At the crossroads
Since the 9th century, thousands of pilgrims coming from all over Europe travel to Saint-Jacques de Comspostela where the alleged tomb of the Apostle Saint James (Santiago) the Greater was discovered.
Located at a strategic crossroads before the long crossing over the Pyrenees that lead to Spain, Gascony is the place where the four routes on this historic path converge: the Puy route or via Podensis, the route of Arles, the path of Vézelay and the way of Paris.
If Whisky and Cognac owe their fame and their circulation to the sailors that transported them across the seas to the four corners of the world, Armagnac achieved fame thanks to the Saint James pilgrims. Throughout their long pilgrimage, the pilgrims tasted this exceptional eau-de-vie along the way. According to legend, Guillaume Magnier, a peasant from Picardie who was so exhausted and incapable of going any further was advised to use an ointment made with Armagnac, olive oil and candle tallow to soothe his crippled feet. Considering Armagnac as a veritable remedy, the pilgrims became fervent ambassadors, boasting the virtues of this delicious nectar throughout their journey and taking several bottles of it back to their regions and countries.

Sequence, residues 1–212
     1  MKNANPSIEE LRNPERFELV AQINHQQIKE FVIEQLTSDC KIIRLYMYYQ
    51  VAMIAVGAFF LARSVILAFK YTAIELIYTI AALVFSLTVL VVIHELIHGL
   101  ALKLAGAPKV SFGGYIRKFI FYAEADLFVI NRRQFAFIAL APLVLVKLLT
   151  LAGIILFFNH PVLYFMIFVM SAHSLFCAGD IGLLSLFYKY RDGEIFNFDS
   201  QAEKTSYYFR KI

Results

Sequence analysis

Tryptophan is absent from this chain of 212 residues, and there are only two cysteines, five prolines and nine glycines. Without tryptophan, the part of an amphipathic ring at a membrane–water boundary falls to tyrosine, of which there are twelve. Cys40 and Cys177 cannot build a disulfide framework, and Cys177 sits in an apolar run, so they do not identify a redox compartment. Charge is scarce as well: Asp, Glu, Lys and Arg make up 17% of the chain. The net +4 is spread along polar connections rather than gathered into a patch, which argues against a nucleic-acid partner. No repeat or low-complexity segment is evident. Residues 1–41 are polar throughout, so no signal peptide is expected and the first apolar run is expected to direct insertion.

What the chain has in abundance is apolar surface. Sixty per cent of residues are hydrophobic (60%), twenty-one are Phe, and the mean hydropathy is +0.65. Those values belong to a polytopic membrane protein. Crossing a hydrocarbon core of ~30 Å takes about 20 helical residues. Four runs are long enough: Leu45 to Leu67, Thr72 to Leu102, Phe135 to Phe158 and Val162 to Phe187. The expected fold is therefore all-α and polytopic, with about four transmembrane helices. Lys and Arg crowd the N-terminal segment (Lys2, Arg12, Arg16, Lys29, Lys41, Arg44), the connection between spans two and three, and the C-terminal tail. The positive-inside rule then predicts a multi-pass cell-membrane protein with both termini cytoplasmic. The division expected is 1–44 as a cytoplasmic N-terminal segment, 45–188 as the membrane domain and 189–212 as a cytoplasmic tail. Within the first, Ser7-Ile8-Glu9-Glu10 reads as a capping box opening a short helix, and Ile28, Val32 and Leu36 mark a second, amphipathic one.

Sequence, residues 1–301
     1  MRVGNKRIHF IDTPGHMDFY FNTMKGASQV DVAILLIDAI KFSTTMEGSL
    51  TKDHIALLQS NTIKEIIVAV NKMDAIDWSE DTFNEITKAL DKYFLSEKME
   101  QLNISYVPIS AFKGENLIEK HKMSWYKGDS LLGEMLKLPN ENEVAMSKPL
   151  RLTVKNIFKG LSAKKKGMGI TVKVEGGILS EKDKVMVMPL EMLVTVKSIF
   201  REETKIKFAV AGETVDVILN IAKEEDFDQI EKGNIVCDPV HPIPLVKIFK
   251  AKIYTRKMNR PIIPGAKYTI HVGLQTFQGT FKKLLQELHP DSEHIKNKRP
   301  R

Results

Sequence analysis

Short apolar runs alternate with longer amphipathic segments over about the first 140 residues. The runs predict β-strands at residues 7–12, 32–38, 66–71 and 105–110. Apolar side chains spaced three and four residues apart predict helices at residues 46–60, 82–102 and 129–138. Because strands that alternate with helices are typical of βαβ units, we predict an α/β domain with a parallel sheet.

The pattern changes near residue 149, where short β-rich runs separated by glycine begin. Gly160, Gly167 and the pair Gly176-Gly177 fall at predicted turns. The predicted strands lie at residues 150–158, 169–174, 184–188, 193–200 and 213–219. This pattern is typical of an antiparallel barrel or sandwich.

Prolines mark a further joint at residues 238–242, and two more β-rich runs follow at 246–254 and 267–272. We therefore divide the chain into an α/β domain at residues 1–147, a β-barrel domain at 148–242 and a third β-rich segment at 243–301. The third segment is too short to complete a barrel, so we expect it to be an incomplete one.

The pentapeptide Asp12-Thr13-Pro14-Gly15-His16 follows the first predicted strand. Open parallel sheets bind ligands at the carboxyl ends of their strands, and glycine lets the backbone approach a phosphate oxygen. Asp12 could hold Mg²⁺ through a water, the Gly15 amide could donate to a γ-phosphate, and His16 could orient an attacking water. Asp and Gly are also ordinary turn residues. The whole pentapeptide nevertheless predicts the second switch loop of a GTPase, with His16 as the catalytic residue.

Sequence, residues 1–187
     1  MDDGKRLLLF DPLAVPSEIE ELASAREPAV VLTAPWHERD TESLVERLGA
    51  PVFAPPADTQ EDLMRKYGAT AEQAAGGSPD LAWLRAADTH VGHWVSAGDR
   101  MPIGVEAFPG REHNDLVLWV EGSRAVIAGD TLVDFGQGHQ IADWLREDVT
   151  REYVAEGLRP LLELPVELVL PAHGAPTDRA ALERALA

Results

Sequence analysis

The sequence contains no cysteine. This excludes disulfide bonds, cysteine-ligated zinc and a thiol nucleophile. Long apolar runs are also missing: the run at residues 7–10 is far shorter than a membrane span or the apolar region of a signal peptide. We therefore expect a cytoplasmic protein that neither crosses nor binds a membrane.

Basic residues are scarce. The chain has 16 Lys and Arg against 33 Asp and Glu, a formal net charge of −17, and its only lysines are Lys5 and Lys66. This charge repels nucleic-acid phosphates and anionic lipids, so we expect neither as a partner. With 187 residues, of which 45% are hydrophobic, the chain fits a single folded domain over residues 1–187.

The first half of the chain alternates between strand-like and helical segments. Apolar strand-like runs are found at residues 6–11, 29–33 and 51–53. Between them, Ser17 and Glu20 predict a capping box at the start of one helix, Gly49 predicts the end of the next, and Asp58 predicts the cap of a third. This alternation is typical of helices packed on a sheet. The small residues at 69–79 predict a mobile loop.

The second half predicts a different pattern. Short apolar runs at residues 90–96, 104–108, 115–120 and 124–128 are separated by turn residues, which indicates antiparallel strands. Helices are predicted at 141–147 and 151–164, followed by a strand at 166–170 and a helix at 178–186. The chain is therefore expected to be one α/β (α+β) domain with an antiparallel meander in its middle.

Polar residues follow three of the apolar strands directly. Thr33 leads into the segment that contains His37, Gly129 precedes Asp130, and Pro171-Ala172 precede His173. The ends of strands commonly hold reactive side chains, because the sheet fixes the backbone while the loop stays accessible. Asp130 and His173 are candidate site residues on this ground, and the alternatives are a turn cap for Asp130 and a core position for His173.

Aside from the benefits of this welcome drink, the long journey for the pilgrims – more than 1400 kilometres for those that took the Puy route or via Podensis – is brightened up by numerous beautiful historic monuments revealing the soul of Gascony to the travellers: Saint Mary’s Cathedral in Auch, St Peter’s Collegiate Church in La Romieu and the Lartigue bridge between Lectoure and Condom are all classified Unesco World Heritage sites.
Between the vines and the historical remains, the Saint-Jacques de Compostela is an authentic and original way to explore the treasures of Gascony.